RAM3D partners with Renishaw to develop its AM capabilities

September 7, 2020

Renishaw’s AM machines in RAM3D’s factory in Tauranga, New Zealand (Courtesy RAM3D)

Rapid Advanced Manufacturing Ltd (RAM3D), based in New Zealand, has partnered with the Renishaw,, UK, to establish high-quality volume metal Additive Manufacturing capabilities.

RAM3D, which is said to be the Southern Hemisphere’s largest independent metal AM service, provides its solutions for a range of global industry sectors, including aerospace, marine, and food processing. Warwick Downing, CEO and co-founder of RAM3D, stated, “In a way, RAM3D’s origins and success reflect the New Zealand culture. A culture where people aren’t afraid to try new things and try different approaches in order to overcome difficult challenges.”

Downing continued, “In our first couple of years, we had to learn very fast and while to a certain extent we were being told what machines we were going to need, we were quick to understand the real impact of operating costs and the need for a more flexible manufacturing platform.”

“We realised early on that those extra ‘bells and whistles’ on an AM machine weren’t necessarily a good thing,” he explained. “Very often, they were in fact the things that would cause a machine to break down or underperform. The most important thing to us was assuring production process integrity, high-quality and reliability, and ensuring cost-efficiency and effectiveness.”

In 2014, RAM3D approached Renishaw for advice and purchased what was then the company’s latest AM machine.

According to RAM3D, in a matter of a few years the company experienced a dramatic evolution in the market for metal AM services. The challenges initially faced included raising awareness in a nascent marketplace, educating on Design for Additive Manufacturing (DfAM), and preparing for a shift from prototyping, to prototyping and full production.

Gilly Hawker, RAM3D’s Marketing Manager, stated, “In our very early days the perception of 3D metal printing really was that it was just for one-off, custom part prototyping. Its real benefits, in terms of improved part functionality, part integration, weight reduction, cost-effectiveness and so on, just weren’t widely recognised. We did have to play our part in improving general market awareness and helping to rectify any misconceptions.”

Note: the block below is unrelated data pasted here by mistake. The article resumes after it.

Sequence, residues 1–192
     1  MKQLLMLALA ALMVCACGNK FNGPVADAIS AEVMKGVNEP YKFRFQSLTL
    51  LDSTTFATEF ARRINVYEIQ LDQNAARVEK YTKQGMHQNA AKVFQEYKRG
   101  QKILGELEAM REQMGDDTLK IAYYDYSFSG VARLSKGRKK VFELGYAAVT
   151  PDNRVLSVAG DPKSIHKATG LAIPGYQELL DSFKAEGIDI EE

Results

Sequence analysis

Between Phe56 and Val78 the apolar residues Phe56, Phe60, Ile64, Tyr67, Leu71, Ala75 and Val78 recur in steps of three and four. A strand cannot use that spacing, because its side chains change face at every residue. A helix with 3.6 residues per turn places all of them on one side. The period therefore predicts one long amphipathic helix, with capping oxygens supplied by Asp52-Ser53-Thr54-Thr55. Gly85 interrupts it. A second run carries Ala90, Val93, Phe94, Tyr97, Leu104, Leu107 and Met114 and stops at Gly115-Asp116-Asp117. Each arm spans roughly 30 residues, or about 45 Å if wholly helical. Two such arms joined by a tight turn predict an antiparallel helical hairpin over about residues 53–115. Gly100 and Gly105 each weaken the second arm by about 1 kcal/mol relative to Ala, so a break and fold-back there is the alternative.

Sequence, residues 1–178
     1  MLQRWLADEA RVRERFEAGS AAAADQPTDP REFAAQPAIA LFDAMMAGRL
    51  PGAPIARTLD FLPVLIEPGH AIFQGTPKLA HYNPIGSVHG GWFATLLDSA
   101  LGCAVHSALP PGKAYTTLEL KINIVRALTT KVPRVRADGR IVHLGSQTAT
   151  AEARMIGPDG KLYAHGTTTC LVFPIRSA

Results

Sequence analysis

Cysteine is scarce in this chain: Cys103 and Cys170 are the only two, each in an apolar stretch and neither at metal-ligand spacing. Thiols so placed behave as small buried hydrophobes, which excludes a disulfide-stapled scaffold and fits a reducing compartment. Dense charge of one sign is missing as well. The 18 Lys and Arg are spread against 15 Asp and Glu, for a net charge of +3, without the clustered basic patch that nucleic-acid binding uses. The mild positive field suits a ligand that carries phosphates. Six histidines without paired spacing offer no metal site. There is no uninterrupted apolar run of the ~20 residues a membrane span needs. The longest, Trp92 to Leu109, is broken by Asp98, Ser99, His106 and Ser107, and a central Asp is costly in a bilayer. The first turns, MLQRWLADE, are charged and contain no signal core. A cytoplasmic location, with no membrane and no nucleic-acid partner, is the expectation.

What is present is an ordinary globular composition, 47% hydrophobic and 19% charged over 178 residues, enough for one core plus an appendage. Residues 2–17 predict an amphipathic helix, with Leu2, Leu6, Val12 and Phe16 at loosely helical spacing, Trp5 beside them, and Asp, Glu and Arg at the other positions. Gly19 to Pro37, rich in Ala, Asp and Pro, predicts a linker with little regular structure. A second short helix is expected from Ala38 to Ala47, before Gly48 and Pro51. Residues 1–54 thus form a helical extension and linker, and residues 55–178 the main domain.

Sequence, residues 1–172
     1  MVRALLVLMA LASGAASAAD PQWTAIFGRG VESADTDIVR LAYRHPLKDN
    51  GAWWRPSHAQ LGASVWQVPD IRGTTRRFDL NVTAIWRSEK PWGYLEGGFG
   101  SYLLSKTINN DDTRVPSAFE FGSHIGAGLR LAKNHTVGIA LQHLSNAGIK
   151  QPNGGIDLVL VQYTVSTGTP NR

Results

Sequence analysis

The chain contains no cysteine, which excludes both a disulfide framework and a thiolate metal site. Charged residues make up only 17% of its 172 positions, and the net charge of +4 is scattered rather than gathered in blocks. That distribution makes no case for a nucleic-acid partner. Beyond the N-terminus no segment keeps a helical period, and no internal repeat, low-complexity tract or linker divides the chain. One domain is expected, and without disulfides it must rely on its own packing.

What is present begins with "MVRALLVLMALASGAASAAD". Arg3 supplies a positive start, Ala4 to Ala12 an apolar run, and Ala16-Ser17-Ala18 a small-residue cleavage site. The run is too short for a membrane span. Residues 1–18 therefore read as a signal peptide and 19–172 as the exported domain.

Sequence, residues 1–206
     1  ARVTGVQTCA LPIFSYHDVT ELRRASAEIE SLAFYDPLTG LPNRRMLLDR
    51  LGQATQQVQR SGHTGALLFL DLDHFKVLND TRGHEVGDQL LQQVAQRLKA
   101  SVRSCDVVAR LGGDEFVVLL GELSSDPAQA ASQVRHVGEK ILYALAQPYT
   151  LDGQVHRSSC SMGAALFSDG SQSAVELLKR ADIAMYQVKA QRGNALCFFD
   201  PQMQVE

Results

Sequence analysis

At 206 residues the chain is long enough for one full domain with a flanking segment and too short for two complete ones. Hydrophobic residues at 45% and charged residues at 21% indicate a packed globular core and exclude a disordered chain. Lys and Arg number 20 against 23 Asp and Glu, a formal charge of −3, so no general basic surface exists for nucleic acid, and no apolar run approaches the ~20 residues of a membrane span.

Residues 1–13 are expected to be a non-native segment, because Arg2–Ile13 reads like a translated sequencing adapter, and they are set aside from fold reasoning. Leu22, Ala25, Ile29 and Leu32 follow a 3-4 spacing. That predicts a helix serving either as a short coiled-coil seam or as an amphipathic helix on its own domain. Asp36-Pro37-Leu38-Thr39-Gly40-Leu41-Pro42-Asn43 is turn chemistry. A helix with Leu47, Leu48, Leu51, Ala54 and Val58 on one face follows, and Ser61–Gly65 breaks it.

Downing added, “More specifically, in the beginning we often received enquiries for 3D metal printing for parts which really weren’t appropriate for the process.”

Recognising the advantages of Renishaw’s AM systems, RAM3D later elected to make the company its partner of choice. The machine purchased in 2014 was equipped with an optical system delivering 250W of laser power for a beam diameter of 70 µm, and had a human-machine interface that was highly graphical and intuitive in nature. Driven by forecast customer demand, RAM3D followed a phased introduction of additional Renishaw AM machines to meet growing production capacity requirements.

Downing further added, “The machine purchased from Renishaw at the time, was the only one that offered us the flexibility, openness and easy set up that we were looking for. We had lots of ideas of our own on optimising our manufacturing process, and this machine gave us the freedom that we needed to implement them. If we wanted to change a parameter, to adjust it to more closely suit a particular part, then we could.”

Using its suite of Renishaw AM machines, RAM3D now additively manufactures metal parts in a complete range of metal powders, including stainless steel 15-5ph, stainless steel 316, inconel 718 and titanium 64, and is currently looking to add maraging tool steel to its product portfolio.

Stainless steel mouldings additively manufactured for an Australian food manufacturer by RAM3D (Courtesy RAM3D)

In the five years since purchasing its first Renishaw AM machine, RAM3D states that it has grown its metal AM business from what was primarily a prototyping service, to a fully-fledged volume production service. The company is also able to serve customers throughout the world as well as in its Australasian home territory.

Downing concluded, “To be a commercial success in this field, you need to make the right choice of AM machine, make the manufacturing capacity available, and develop the right manufacturing process.”

Since partnering with Renishaw, RAM3D has seen customer part volumes increase exponentially and has been running the machines for twenty-four hours a day for at least six days a week. The company explains that while demand is very much sector and product specific, it has seen production run volumes rise from 3,000–4,000, up to 12,000 per year, and expects it to reach 20,000 per year over next few years.

Currently, RAM3D’s operating plant in Tauranga, New Zealand, consists of eight metal Additive Manufacturing machines, seven of which are Renishaw machines. The company added that it is committed to investing in more Renishaw AM machines in the future, and plans to have nine to ten operating machines by the close of 2020.

The company is also trialling Renishaw’s QuantAM software, a dedicated build preparation software that can optimise part support structures, align parts within the build volume and sets up the final AM file.

According to RAM3D, by establishing a common platform for its growing Additive Manufacturing operations, it has been able to continuously boost efficiency year-on-year. A process material changeover on a machine for example, from one metal to another, can now take less than an hour.

The company explains that by partnering with Renishaw, it is helping customers to manufacture products that are superior in terms of function, part integration, performance, weight and cost effectiveness.



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